MILLARD COUNTY, Utah — "The Covered Wagon" wasn't the first Western from Hollywood studios, but it was the first big-budget Western epic, and as such, it's one of the most influential movies of the silent era.
It was filmed on a little reservoir outside of Garrison, Utah. The population at the time: 109.
Film critic Roger Moore wrote:
“The Covered Wagon” established the tropes, the conventions, the action beats and archetypes that carried John Ford and John Wayne, Howard Hawks and Henry Hathaway, Clint Eastwood and the Coens through a century of Western cinema.
The BBC Documentary series "Hollywood: A Celebration of American Silent Film" focused on "The Covered Wagon" in its episode about Westerns, interviewing one of the films stars, Lois Wilson.
Of all the places in the world, this mega budget Hollywood production with hundreds of extras was filmed on the eastern edge of Millard County around Pruess Lake, a little reservoir outside the tiny community of Garrison.
Production began in October of 1922. The BBC chronicled its production and place in movie history in 1980.
"They advertised all through the West for anyone who had a Conestoga wagon. They would be given, I believe, $2 a day and their stock fed, and they would be in this great picture," Wilson said.
The Beaver County News covered the production in a number of articles. (Garrison is in Millard County, but Milford, in Beaver County, is the closest larger Utah town, though it is still 70 miles away.)
They interviewed the film's chief photographer, Karl Brown.
"Now do you realize the location chosen was the best in the United States?" Brown said. "By placing the camera in one position and by changing its direction, seven different scenes with entirely different backgrounds may be taken."
The scenes represented every point on the journey from Kansas City to Oregon, all filmed outside of Garrison except for a bison hunt filmed on Antelope Island.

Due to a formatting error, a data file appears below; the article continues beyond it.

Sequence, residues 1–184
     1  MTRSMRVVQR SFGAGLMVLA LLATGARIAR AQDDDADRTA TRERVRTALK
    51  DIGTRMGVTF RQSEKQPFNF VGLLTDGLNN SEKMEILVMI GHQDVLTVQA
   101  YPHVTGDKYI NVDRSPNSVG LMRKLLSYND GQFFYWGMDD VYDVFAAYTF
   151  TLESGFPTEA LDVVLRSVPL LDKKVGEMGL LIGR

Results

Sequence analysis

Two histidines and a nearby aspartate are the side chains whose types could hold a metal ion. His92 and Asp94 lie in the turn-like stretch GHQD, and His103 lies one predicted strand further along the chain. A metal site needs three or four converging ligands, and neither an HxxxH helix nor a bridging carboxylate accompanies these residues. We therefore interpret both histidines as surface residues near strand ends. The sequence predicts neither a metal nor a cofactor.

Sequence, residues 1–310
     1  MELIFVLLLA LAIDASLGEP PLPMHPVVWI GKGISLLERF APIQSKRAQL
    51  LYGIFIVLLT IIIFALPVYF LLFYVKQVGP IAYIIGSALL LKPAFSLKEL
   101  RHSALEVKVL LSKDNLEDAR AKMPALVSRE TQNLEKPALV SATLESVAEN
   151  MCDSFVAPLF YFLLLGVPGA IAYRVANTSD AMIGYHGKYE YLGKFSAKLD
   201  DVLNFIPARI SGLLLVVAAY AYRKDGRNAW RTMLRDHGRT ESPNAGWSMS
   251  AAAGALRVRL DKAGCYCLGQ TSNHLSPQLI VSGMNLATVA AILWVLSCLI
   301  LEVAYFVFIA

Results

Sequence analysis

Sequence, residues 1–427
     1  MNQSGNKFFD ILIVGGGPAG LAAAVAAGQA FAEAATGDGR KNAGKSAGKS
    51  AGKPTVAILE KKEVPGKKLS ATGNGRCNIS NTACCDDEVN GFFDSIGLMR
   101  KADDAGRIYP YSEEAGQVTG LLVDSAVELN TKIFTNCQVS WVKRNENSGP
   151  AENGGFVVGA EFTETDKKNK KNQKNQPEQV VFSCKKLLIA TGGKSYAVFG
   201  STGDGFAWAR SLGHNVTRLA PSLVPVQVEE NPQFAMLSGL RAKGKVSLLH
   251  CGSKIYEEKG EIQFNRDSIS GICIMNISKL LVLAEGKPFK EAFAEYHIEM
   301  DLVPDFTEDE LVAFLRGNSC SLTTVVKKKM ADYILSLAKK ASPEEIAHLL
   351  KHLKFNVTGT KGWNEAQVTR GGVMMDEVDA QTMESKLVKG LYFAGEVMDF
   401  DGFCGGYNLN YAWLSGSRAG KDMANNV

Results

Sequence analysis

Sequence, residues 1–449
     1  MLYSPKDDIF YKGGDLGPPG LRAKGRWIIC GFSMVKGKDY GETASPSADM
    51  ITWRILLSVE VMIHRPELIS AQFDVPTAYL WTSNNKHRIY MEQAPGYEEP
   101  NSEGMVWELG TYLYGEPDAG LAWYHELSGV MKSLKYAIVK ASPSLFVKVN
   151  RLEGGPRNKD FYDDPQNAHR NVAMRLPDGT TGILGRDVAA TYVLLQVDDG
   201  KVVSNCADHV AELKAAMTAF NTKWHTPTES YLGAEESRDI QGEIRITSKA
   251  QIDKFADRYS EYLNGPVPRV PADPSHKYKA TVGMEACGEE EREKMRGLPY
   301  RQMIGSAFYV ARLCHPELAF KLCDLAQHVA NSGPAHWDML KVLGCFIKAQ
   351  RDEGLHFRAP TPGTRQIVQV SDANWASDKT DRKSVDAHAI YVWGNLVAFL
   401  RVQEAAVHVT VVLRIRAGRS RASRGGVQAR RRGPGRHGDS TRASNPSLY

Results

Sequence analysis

Pruess Lake stood in as the North Platte River, and local extras drove hundreds of covered wagons across it. The nearby peaks now in Great Basin National Park substituted for the Rockies and Sierra. The nearby arroyos were the badlands.
There are troubling parts of the movie, most notably the characterization of Native Americans, 500 of whom were extras portrayed as primitive aggressors and obstacles to American expansion. They tracked the wagon train and attacked it without warning.
Even in the 1980 documentary, the subject didn't raise eyebrows. Col. Tim McCoy, the man charged with "Rounding up" 500 "Indians," was interviewed.
"I took leave, went down, and I arrived on location with two solid trainloads of Indians. I had Indians, squaws, papooses, horses, dogs, teepees, the whole works," McCoy said.
Almost 100 years old now, some of the extras in the film were pioneers themselves, and others were one generation removed. In fact, the film's director, James Cruz, was the son of Latter-day Saint pioneers in Utah, according to the BBC documentary.
The movie is in the public domain and can be viewed for free on YouTube. The extras in it are closer in time to the pioneers they portray than with us.